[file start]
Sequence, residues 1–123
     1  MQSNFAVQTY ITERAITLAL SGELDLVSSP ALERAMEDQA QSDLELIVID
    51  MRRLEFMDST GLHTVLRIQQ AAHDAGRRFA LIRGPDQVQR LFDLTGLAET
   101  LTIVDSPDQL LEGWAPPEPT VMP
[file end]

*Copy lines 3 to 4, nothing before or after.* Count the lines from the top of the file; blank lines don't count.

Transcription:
    51  MRRLEFMDST GLHTVLRIQQ AAHDAGRRFA LIRGPDQVQR LFDLTGLAET
   101  LTIVDSPDQL LEGWAPPEPT VMP